The theory of intersections of Lagrangian planes is precisely described by the Bott-Maslov index. Most conveniently, it can be studied using the stereographic projection Π : LL → U(L) which is a real analytic bijection [15] that is (well-) defined by

Π([Φ]_{∼}) =
1L

ı1L

∗

Φh 1L

−ı1L

∗

Φi−1

.

Note, in particular, that the r.h.s. does not depend on the choice of the represen- tative of the class [Φ]∼. To shorten notation, we will also write

Π(Φ) = Π([Φ]_{∼}).

It is well-known (e.g. [16]) that the dimension of the intersection of two J-
Lagrangian subspaces spanned by matrices Φ and Ψ respectively is equal to the
multiplicity of 1 as an eigenvalue of the unitary Π(Ψ)^{∗}Π(Φ). Furthermore, the Bott-
Maslov index of a given (continuous) path x∈[0,1]7→ [Φ(x)]∼ of J-Lagrangian
subspaces w.r.t. the singular cycle given by a Lagrangian subspace [Ψ]∼ is given
by adding up all intersections with their multiplicity and orientation which is pre-
cisely given by the spectral flow of the path of unitariesx∈[0,1]7→Π(Ψ)^{∗}Π(Φ(x))
through 1. Intuitively, this counts the number of eigenvalues passing through 1
in the positive sense, minus those passing in a negative sense. The spectral flow
of a path is denoted by Sf, a notation that is used below. A particularly simple
functional analytic definition of spectral flow is given by Phillips [13]. All this is
also described in detail in [15, 16].

For all the above reasons, it is reasonable to define the matrix Pr¨ufer phase by U(x) = Π T(x)Φ0

. (4.1)

If the classical Hamiltonian H^{E}(x) depends on E, also U^{E}(x) has an index to
indicate this dependence. Then the above proves (e.g. [15, 16], but this is essentially
known since the works of Bott and Lidski [4, 10]).

Theorem 4.1. The multiplicity of x as conjugate point w.r.t. Ψ_{1} is equal to the
multiplicity of 1 as eigenvalue of the unitary Π(Ψ_{1})^{∗}U(x). For a matrix Sturm-
Liouville operatorH_{Ψ}_{0}_{,Ψ}_{1}, the multiplicity ofE as an eigenvalue ofH_{Ψ}_{0}_{,Ψ}_{1} is equal
to the multiplicity of1 as eigenvalue of the unitaryΠ(Ψ1)^{∗}U^{E}(1).

Let us note that for Dirichlet boundary condition at x= 1, one has Π(Ψ1) =
Π(ΨD) = −1so that one is interested in the eigenvalue −1 of the Pr¨ufer matrix
U^{E}(1).

5. Positivity of Pr¨ufer phases in the energy variable

The next result states a crucial positivity property intrinsic to Hamiltonian sys-
tems with classical HamiltonianH^{E}(x) =V(x)−EP(x) with P(x)≥0. It dates
back to Bott [4] and the proof is reproduced from [16] for the convenience of the
reader and because it serves as a preparation for the arguments following further
down.

Theorem 5.1. Consider the matrix Pr¨ufer phaseU^{E}(x)defined by (4.1)associated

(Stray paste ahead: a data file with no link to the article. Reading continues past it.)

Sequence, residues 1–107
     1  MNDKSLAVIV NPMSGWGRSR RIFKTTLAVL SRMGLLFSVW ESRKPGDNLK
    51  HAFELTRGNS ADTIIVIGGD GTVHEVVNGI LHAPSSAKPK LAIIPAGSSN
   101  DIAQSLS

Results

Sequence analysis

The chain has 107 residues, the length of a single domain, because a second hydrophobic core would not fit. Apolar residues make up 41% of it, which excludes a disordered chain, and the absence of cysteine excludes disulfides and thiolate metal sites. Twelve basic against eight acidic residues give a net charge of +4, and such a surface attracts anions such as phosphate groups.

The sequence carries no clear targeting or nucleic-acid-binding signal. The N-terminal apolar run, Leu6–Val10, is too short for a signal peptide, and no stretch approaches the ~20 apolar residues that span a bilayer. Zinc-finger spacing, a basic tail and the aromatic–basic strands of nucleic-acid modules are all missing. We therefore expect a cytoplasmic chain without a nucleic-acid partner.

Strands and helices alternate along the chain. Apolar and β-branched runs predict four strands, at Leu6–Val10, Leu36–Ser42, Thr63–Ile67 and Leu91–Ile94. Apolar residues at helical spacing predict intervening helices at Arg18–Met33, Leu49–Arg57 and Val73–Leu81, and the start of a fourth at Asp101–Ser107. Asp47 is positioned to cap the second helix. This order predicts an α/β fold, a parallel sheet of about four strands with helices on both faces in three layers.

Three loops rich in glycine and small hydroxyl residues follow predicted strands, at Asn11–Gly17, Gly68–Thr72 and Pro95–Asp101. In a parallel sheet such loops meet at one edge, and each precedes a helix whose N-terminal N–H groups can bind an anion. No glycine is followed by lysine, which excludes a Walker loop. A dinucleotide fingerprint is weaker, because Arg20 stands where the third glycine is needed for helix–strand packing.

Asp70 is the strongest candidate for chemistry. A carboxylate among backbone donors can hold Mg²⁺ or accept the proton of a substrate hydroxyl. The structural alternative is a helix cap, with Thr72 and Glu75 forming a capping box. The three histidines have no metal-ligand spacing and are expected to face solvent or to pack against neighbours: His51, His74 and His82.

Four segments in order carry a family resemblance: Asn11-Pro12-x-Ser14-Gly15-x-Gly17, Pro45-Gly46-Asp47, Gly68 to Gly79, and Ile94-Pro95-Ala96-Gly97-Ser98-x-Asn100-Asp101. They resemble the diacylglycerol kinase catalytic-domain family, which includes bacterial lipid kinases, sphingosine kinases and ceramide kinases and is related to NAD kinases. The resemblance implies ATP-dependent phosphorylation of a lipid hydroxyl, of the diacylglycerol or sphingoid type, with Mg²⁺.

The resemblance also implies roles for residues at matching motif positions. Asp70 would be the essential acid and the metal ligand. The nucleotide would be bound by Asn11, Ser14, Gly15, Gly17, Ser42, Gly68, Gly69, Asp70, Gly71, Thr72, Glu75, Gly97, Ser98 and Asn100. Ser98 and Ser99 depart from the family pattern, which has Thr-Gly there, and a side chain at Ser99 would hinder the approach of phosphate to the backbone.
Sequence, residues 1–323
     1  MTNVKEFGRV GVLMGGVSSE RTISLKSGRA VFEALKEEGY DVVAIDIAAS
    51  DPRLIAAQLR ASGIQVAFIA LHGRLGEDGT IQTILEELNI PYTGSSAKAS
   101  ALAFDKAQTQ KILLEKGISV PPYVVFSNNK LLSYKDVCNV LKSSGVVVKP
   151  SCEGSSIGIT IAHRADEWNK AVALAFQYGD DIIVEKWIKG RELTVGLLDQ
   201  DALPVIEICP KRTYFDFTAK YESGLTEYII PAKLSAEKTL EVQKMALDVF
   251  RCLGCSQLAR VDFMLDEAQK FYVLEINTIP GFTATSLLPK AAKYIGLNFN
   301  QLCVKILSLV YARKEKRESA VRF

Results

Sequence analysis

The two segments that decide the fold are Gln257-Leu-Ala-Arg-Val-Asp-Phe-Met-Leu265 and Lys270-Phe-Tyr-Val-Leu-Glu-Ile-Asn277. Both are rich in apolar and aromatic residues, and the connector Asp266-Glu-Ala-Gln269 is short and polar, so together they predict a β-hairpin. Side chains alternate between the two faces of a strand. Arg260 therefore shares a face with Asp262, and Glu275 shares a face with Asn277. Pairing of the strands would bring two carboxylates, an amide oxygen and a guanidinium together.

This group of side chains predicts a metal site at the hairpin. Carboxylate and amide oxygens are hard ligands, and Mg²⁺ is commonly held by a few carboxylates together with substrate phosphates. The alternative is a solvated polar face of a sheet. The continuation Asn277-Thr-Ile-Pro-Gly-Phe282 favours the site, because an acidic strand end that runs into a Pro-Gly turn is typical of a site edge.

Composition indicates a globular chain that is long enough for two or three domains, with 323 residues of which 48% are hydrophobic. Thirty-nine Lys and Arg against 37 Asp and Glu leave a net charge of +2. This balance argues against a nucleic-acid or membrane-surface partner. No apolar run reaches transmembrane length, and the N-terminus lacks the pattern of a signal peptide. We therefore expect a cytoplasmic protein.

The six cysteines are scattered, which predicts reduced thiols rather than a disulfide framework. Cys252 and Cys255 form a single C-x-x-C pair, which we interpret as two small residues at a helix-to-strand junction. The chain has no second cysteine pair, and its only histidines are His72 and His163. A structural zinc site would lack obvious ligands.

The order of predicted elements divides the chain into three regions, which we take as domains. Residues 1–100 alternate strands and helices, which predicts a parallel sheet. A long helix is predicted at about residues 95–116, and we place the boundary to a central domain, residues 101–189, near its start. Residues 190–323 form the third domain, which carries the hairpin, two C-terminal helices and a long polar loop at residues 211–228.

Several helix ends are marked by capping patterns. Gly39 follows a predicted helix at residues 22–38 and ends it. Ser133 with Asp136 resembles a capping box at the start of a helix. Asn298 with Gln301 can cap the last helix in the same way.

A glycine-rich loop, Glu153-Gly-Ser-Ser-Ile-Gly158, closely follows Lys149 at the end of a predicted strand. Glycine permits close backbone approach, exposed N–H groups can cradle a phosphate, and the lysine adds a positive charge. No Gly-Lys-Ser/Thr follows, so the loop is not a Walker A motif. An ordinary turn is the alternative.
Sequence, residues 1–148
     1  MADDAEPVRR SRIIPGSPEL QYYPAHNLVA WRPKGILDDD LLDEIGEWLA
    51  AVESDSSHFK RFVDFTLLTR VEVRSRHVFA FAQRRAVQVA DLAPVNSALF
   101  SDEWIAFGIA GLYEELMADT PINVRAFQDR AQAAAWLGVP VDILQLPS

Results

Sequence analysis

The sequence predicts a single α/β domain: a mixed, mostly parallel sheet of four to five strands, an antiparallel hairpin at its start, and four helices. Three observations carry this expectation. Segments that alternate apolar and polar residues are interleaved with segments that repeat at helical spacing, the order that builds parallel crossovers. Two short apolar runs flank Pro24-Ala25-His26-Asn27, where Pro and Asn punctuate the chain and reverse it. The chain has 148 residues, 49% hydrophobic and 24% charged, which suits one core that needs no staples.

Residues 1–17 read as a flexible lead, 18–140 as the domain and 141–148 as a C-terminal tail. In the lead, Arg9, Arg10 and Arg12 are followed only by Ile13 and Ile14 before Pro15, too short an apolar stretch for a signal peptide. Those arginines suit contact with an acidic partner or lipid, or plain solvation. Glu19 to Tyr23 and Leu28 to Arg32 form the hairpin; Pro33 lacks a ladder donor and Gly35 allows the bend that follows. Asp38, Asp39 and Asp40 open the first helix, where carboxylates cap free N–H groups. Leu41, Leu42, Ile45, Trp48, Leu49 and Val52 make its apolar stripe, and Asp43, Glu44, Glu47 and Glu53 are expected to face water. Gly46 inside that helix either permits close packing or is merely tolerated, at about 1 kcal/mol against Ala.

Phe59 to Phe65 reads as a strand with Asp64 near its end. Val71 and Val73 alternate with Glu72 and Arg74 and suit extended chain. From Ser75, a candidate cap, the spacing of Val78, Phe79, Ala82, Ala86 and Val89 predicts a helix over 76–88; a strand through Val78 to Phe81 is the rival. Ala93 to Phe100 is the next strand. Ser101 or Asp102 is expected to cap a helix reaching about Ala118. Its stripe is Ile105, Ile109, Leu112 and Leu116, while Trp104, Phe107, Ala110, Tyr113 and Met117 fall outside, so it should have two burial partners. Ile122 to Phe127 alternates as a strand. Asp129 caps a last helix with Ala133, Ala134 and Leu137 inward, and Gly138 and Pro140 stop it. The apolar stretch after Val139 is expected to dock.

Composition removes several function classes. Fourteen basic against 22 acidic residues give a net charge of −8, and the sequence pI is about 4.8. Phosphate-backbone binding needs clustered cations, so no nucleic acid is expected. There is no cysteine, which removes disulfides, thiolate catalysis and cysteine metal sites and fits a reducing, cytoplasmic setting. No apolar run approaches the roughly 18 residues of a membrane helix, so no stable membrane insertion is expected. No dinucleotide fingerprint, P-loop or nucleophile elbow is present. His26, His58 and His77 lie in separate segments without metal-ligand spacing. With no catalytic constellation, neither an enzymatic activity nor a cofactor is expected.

with the fundamental solution of (3.2)for a classical HamiltonianH^{E}(x) =V(x)−

EP(x)withP(x)≥0. For allx∈(0,1], one has 1

ı(U^{E}(x))^{∗}∂EU^{E}(x)≥0. (5.1)
As a function of E, the eigenvalues of U^{E}(x)rotate around the unit circle in the
positive sense. If V(x) and P are given by (2.1) and (2.3) respectively, then the
inequality in (5.1)is strict.

Proof. Let us introduce φ^{E}_{±}(x) = (1±ı1)Φ^{E}(x) where Φ^{E}(x) =T^{E}(x)Φ0. Then
Φ^{E}(x) spanJ-Lagrangian subspaces and thusφ^{E}_{±}(x) are invertibleL×Lmatrices.

One has by definition

U^{E}(x) =φ^{E}_{−}(x)(φ^{E}_{+}(x))^{−1}= ((φ^{E}_{−}(x))^{−1})^{∗}(φ^{E}_{+}(x))^{∗}.
Now

1

ıU^{E}(x)^{∗}∂EU^{E}(x)

= ((φ^{E}_{+}(x))^{−1})^{∗}1
ı
h

(φ^{E}_{−}(x))^{∗}∂Eφ^{E}_{−}(x)−(φ^{E}_{+}(x))^{∗}∂Eφ^{E}_{+}(x)i

(φ^{E}_{+}(x))^{−1}

= ((φ^{E}_{+}(x))^{−1})^{∗}2(Φ^{E}(x))^{∗}J∂_{E}Φ^{E}(x)(φ^{E}_{+}(x))^{−1}

= 2(Ψ0(φ^{E}_{+}(x))^{−1})^{∗}T^{E}(x)^{∗}J∂ET^{E}(x)Ψ0(φ^{E}_{+}(x))^{−1}.

Thus it is sufficient to verify the positive definitenessT^{E}(x)^{∗}J∂_{E}T^{E}(x)≥0. For
that purpose, let >0. By (3.1),

∂_{y} T^{E}(y)^{∗}J T^{E+}(y)

=T^{E}(y)^{∗}P(y)T^{E+}(y).
AsT^{E}(x)^{∗}J T^{E}(x) =J =T^{E}(0)^{∗}J T^{E+}(0), one thus has

T^{E}(x)^{∗}J∂ET^{E}(x) = lim

→0 ^{−1} T^{E}(x)^{∗}J T^{E+}(x)− T^{E}(x)^{∗}J T^{E}(x)

= lim

→0^{−1} T^{E}(x)^{∗}J T^{E+}(x)− T^{E}(0)^{∗}J T^{E+}(0)

= lim

→0

Z x 0

dyT^{E}(y)^{∗}P(y)T^{E+}(y)

= Z x

0

dyT^{E}(y)^{∗}P(y)T^{E}(y).

(5.2)

Because P(y) is non-negative, this implies the claim (5.1). The second statement
follows from first order perturbation theory [9]. For the proof of the final statement,
it is sufficient to show that the integrandT^{E}(y)^{∗}P(y)T^{E}(y) is strictly positive for
y sufficiently small. Indeed, it follows from (3.1) that T^{E}(y) = 1+yJ^{∗}(EP −
V(y)) +O(y^{2}). Thus replacing (2.1) and (2.3) shows

T^{E}(y)^{∗}PT^{E}(y) =
1 0

0 0

−y

q^{∗}p^{−1}+p^{−1}q −p^{−1}

−p^{−1} 0

+O(y^{2}).

Fory sufficiently small, this is indeed a strictly positive matrix.

As all intersections of the pathE 7→Π(Ψ1)^{∗}U^{E}(1) are in the positive sense by
Theorem 5.1, one deduces the following result connecting the eigenvalue counting
ofHΨ_{0},Ψ_{1} to the Bott-Maslov index of that path.